Pews in Churches

From Vol. II of the "Illustrated Notes on English Church History" by Rev. C. Arthur Lane published in 1888

We have a fascinating account of this practice by the wealthy at the expense of the poor.

The period concerned is the latter half of the 18th century and I start with the time when excessive levity of the Court ladies during service time provoked the ire of Bishop Burnet, who complained to Queen Anne in the form of a satyr: -


"Then pray condescend such disorders to end,

And to the ripe vineyard the labourers send,

To build up the seats; that the beauties may see,

The face of no brawling pretender but me."


"Here is an obvious reference to the high pews which had then become fashionable. The well-to-do had appropriated privileged enclosures to them selves and their families in the parish churches, just as others now do when they lease portions of the Albert Hall. They would fit up their pew or their gallery in the most approved style of upholstery and wood carving."

"By the end of the 18th century there was scarcely a parish church throughout the land which did not contain one or more of the family pews, the tallest and most elegantly fitted being reserved for the most notable residents; while even the churchwardens had their stately pen, where they could obtain an uninterrupted view of the garishly gilt inscription which told that the edifice had been repaired and beautified - i.e., whitewashed and made hideous, during the tenure of office."

"Many of these pews continued so long in the possession of certain families or occupants of manor houses, that it was supposed they were granted by the diocesan registrars which made it almost impossible to to dispossess the holders. Although the rich were eager to claim for themselves a share in the misappropriation of the area of the parish churches, they were by no means so eager to occupy the space allotted for their use; and woe betide any poor creature who trespassed upon their preserves."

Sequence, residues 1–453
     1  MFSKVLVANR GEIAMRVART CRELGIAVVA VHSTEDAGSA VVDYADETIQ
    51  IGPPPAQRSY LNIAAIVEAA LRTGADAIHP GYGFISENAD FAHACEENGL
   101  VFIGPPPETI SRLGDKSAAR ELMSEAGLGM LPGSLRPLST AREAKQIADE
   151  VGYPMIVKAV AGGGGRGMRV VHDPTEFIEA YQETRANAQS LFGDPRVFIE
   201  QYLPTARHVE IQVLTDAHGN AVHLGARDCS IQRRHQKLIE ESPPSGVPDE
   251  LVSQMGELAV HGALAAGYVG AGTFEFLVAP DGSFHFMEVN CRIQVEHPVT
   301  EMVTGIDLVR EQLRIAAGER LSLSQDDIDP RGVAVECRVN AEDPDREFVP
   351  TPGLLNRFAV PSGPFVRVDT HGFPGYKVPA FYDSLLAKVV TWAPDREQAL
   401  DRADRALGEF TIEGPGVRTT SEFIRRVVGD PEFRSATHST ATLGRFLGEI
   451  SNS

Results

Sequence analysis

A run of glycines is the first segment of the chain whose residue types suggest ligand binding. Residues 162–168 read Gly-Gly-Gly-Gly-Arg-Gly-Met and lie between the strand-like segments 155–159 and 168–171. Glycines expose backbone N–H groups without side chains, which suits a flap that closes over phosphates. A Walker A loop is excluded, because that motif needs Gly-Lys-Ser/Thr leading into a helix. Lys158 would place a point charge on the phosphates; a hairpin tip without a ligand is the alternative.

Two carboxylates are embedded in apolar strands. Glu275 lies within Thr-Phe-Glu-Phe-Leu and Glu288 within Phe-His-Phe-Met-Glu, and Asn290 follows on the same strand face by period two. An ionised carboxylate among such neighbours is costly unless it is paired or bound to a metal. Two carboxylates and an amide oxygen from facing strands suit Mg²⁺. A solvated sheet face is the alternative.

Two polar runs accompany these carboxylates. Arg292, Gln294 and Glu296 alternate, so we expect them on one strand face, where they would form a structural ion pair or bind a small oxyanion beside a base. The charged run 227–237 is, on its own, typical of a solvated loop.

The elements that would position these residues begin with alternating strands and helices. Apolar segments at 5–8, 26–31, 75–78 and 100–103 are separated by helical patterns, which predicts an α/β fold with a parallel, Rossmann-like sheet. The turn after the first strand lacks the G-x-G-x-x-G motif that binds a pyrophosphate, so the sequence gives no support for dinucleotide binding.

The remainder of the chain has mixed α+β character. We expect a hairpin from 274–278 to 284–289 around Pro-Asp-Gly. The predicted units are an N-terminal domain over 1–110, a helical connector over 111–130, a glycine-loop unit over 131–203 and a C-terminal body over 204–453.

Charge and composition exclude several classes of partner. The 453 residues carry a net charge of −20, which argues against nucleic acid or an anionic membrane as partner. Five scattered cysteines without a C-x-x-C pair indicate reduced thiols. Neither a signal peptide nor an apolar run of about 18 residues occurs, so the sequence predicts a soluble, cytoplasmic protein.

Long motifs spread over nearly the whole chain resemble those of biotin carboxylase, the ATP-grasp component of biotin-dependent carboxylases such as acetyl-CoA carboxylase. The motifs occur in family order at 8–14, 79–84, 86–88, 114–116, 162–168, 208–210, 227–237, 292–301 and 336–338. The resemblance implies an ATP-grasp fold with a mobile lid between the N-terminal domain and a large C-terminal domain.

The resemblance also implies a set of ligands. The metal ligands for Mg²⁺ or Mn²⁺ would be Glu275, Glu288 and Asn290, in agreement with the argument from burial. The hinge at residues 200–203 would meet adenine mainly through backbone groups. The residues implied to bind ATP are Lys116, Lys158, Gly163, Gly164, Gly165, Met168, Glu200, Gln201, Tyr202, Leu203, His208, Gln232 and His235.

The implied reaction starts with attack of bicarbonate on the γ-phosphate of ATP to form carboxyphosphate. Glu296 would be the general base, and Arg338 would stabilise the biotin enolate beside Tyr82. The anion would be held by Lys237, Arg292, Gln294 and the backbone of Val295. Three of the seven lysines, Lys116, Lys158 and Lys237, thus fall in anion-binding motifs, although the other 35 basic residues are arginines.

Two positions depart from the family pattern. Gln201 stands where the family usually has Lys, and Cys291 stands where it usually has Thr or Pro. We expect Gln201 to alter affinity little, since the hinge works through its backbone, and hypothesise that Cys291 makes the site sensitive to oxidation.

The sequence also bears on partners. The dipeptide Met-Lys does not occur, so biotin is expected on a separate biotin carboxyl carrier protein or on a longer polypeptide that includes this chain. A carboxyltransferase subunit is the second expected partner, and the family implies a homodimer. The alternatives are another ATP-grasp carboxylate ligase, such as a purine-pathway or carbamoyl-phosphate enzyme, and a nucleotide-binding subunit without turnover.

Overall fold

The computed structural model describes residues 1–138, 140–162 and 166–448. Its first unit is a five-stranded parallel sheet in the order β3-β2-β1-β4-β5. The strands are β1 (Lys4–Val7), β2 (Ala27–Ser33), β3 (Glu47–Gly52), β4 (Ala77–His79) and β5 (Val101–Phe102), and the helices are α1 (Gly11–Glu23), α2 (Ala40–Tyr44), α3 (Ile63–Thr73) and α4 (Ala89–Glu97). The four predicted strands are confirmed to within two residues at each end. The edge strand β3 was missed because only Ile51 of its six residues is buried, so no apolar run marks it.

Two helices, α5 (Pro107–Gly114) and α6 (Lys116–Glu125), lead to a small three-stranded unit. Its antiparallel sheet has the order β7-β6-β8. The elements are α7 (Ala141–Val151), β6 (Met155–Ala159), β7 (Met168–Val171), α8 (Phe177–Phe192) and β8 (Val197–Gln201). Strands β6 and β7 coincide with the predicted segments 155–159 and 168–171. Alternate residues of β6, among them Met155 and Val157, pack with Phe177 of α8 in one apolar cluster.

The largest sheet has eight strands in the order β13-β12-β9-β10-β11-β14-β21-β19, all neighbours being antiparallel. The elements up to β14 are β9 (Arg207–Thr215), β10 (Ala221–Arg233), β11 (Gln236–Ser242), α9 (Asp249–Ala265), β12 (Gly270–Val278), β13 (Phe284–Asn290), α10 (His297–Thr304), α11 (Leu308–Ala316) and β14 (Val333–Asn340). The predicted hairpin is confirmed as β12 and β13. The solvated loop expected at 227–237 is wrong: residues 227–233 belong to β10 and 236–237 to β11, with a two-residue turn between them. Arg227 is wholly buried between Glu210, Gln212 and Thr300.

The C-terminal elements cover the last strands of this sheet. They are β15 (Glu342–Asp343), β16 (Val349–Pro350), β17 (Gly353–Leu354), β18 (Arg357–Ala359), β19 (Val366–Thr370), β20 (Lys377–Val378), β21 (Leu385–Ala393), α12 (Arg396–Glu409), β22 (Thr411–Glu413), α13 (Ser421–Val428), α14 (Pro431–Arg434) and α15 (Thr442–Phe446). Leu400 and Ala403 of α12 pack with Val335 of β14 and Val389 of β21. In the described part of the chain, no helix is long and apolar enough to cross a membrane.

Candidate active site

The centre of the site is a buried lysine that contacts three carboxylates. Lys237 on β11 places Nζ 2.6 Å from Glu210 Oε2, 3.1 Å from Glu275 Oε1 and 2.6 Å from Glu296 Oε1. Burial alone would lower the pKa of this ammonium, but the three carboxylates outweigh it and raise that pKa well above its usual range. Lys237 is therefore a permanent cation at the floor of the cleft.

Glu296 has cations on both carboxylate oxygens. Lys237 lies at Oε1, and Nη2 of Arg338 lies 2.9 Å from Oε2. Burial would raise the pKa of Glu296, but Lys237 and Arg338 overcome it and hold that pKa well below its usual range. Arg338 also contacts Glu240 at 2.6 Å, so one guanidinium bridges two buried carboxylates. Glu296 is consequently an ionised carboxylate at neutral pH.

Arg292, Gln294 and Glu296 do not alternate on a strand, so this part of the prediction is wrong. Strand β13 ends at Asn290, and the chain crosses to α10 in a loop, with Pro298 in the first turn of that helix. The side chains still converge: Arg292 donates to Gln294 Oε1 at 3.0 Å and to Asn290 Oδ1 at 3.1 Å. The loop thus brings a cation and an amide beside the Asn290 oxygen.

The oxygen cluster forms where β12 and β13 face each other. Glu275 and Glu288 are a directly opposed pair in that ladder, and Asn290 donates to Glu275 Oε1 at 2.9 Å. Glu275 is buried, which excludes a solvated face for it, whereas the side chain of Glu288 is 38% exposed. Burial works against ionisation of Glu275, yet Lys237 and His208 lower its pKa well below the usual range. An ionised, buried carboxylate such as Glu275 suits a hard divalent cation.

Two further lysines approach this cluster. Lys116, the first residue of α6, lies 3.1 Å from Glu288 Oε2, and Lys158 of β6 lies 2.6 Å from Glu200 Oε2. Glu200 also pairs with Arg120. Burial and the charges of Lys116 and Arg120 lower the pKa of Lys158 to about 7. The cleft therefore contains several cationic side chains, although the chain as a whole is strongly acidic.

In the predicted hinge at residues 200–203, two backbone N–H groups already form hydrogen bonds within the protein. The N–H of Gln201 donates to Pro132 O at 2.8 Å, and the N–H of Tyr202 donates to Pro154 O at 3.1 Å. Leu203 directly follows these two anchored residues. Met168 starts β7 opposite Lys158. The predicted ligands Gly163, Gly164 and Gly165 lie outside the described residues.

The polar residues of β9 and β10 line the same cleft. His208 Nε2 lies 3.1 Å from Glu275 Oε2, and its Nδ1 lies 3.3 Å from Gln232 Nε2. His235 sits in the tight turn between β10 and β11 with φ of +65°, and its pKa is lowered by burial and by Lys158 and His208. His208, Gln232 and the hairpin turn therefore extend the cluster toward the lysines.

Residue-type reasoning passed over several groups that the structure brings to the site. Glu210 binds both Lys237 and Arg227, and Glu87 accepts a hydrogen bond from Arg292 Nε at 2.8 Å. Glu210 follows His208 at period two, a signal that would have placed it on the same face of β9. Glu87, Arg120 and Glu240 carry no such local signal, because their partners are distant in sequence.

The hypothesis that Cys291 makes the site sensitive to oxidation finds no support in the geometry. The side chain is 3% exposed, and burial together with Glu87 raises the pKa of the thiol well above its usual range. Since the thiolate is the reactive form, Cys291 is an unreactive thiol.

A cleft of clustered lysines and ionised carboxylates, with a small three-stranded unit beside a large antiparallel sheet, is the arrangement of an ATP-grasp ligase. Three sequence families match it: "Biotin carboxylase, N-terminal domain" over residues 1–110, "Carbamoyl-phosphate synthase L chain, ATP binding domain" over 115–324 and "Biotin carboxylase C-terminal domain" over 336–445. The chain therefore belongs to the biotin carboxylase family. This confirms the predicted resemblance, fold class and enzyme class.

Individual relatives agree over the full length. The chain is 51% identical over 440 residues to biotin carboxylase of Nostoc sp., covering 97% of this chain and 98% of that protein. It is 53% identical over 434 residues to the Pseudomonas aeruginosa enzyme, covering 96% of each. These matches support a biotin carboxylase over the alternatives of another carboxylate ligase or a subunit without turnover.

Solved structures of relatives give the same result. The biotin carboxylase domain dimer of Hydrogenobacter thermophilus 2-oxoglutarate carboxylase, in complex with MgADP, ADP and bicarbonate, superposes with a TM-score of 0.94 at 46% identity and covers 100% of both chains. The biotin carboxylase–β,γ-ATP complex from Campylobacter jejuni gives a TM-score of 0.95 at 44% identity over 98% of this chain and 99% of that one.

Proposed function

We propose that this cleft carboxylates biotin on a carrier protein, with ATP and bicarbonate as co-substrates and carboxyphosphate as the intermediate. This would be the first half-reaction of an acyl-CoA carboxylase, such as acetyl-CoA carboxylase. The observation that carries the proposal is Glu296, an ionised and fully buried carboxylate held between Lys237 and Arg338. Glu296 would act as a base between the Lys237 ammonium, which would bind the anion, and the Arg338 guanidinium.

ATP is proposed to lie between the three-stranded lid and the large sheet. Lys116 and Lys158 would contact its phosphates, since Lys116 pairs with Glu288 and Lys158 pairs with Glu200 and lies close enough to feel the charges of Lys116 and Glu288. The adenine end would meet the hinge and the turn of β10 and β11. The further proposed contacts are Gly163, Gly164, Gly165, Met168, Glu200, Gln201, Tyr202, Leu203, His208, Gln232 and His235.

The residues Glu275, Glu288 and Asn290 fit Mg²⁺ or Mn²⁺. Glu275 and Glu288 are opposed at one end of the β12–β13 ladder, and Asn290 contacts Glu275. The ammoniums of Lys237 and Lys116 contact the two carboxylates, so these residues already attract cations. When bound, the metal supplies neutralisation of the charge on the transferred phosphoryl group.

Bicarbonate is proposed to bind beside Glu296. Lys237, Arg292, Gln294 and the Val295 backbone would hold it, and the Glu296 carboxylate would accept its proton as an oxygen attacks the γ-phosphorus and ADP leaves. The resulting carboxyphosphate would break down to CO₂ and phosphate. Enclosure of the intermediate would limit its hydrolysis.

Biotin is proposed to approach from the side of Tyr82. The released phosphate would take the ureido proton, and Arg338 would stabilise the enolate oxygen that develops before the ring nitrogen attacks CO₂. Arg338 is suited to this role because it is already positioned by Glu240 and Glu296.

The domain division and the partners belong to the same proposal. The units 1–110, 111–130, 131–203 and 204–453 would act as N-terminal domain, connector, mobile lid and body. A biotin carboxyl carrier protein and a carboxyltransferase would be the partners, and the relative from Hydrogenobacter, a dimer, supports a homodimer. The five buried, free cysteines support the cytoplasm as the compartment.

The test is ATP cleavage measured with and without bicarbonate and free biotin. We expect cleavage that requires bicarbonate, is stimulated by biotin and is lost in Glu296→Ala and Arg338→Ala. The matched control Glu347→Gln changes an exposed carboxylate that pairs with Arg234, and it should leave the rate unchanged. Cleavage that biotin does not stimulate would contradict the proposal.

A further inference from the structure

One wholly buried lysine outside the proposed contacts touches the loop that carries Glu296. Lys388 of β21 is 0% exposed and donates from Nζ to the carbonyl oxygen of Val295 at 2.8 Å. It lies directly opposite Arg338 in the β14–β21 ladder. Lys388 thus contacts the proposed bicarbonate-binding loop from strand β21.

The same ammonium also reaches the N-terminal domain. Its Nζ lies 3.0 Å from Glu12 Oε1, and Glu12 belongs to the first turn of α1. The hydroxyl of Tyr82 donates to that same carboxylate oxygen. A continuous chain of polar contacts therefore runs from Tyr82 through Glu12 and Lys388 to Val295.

"Sir Christopher Wren much desired that there should be no pews in the churches that he built; but he records "There is no stemming the tide of profit of pew keepers especially since by pews in the chapel of ease the Minister is chiefly supported." And when the scheme of building fifty-two new churches was started, he was almost pathetic in his protest that, "A church should not be so filled with pews, but that the poor may have room to stand and sit in the galleys, for to them equally is the gospel preached."

"The idea that the tenancy of a house gives a prescriptive right to a particular pew has now become exploded; and it is much more in accordance with the spirit of Christianity that there should be no distinction of persons 'Within the Church's Gate.' At any rate men should not be allowed to parade their superior dignity and larger possessions by occupying seats which, while distinguishing them, obscure the poor man's vision." "Happily these are nearly all done away with."




There are still some churches in the land that have these pews, although not in general use they have been left in situ for preservation and historical interest.

One such is at Winterbourne Zelston in Dorset.